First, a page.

Space 1999 - Catacombs of the Moon

A curious episode that doesn’t quite put across the point it is trying to make that faith is stronger than we think. With his wife Michelle dying of a heart condition, mining engineer Patrick Osgood is understandably out of sorts though this manifests itself in fire filled visions of Alpha being consumed by an inferno. For the viewer’s benefit this sees his wife stranded in a four poster bed surrounded by flames looking rather like a spoof of some early 80s pop video. That she is played by a very young Pamela Stephenson is even more odd. Meanwhile Helena keeps making artificial hearts for Michelle and when one doesn’t work she knocks up another one about an hour later! Of course had Victor been here with his mechanical heart he may have been able to help but- hang on – Victor no longer exists. Instead we have to be content with a lot of soft focus medical meandering as Pat goes loopier by the minute. Koenig meanwhile goes to see what is causing waves of heat driving the temperature up.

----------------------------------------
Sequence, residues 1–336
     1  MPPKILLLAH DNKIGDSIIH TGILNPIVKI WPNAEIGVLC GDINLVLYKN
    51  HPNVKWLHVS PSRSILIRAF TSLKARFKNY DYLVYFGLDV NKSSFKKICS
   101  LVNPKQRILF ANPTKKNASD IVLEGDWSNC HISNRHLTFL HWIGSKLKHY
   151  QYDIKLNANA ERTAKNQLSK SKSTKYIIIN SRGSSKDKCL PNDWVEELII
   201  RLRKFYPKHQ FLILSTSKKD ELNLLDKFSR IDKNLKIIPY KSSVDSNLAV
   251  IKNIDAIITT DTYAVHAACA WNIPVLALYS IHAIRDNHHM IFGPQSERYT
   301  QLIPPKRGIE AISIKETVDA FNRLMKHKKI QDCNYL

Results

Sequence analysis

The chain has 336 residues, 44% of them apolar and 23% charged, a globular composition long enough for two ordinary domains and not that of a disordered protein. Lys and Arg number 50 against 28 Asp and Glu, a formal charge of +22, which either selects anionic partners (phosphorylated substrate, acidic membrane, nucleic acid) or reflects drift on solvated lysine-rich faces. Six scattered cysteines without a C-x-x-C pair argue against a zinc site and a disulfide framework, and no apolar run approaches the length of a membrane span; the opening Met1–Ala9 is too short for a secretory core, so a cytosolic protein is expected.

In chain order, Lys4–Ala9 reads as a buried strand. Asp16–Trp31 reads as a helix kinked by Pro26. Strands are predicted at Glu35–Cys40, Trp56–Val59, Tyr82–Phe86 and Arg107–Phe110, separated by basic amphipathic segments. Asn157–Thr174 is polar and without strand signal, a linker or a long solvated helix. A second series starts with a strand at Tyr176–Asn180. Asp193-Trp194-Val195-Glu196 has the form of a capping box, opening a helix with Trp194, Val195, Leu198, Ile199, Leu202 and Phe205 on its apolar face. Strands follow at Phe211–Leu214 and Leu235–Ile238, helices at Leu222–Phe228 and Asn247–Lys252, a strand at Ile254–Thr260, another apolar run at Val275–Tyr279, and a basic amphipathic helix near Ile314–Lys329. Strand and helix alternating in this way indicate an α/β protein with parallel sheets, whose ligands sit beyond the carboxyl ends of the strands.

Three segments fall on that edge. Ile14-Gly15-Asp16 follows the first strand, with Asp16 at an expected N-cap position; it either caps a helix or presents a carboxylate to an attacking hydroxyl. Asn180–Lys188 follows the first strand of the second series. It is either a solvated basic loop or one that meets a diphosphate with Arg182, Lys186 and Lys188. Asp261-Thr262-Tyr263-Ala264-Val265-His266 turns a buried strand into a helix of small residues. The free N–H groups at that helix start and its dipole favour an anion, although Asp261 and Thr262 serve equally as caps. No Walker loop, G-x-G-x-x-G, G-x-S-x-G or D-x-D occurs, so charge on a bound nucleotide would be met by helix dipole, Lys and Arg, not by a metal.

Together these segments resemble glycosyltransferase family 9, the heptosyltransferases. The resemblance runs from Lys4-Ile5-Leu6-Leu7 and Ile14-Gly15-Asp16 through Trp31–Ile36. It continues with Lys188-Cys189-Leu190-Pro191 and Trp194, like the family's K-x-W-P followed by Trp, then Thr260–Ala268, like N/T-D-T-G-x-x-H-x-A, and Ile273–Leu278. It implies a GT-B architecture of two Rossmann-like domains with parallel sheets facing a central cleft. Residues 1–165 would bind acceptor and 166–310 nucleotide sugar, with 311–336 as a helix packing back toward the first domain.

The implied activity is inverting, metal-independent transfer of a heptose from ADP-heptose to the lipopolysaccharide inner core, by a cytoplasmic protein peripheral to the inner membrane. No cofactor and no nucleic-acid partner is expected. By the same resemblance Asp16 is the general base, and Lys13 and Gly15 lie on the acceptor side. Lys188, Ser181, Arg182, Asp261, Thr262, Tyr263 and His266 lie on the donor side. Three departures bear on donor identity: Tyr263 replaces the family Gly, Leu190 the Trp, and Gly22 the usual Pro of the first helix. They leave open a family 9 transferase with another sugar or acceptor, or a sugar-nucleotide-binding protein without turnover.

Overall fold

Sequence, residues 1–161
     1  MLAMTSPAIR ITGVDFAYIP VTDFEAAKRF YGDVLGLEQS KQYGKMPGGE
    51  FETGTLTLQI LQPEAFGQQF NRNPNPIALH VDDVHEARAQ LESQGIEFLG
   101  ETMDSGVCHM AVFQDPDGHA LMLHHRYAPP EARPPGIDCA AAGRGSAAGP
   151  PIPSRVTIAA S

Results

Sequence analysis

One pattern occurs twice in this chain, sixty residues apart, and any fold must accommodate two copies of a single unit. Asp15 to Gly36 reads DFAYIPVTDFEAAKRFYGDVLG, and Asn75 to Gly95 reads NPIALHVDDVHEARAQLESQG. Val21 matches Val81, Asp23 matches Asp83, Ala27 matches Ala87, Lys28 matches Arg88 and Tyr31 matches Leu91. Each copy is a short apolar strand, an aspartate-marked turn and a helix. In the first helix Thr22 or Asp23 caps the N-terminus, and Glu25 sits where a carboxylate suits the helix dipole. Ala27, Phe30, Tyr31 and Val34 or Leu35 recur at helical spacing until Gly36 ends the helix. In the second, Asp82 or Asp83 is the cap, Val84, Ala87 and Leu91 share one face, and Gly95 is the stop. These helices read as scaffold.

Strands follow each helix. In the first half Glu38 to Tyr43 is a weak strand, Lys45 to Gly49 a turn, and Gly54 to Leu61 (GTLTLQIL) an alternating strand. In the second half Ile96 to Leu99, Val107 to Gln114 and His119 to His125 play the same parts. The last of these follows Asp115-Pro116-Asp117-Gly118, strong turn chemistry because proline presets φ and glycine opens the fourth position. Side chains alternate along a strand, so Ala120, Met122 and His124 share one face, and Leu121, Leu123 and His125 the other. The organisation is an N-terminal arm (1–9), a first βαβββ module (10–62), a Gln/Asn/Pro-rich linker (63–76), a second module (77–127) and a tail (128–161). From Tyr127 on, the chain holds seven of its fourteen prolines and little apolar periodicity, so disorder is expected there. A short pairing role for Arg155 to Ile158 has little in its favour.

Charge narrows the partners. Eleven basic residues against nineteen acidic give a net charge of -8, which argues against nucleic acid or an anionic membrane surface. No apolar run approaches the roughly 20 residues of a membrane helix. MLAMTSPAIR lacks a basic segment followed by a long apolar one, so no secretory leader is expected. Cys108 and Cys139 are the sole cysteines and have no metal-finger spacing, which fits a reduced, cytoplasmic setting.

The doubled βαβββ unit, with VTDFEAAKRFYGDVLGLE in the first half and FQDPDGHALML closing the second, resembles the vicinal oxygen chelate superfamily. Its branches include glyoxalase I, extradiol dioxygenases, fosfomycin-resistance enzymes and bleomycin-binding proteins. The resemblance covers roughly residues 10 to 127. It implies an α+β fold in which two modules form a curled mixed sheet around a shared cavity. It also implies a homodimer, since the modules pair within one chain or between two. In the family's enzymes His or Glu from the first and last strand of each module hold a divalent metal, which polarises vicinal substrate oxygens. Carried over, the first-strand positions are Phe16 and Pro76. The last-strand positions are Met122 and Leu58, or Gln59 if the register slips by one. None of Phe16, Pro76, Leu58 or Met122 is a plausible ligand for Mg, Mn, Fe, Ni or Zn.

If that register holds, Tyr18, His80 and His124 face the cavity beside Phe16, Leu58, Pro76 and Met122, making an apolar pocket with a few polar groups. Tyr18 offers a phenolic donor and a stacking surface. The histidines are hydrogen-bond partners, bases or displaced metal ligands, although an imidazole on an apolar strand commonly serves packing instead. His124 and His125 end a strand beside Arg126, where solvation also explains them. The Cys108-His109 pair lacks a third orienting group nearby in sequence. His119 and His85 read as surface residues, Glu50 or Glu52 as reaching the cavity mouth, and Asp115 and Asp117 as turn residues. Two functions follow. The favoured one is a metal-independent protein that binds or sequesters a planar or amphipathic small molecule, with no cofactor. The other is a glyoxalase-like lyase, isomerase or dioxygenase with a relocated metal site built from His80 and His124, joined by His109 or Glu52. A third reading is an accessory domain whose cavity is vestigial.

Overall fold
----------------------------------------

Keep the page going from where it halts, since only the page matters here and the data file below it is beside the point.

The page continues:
The Great season 1 episode 1 review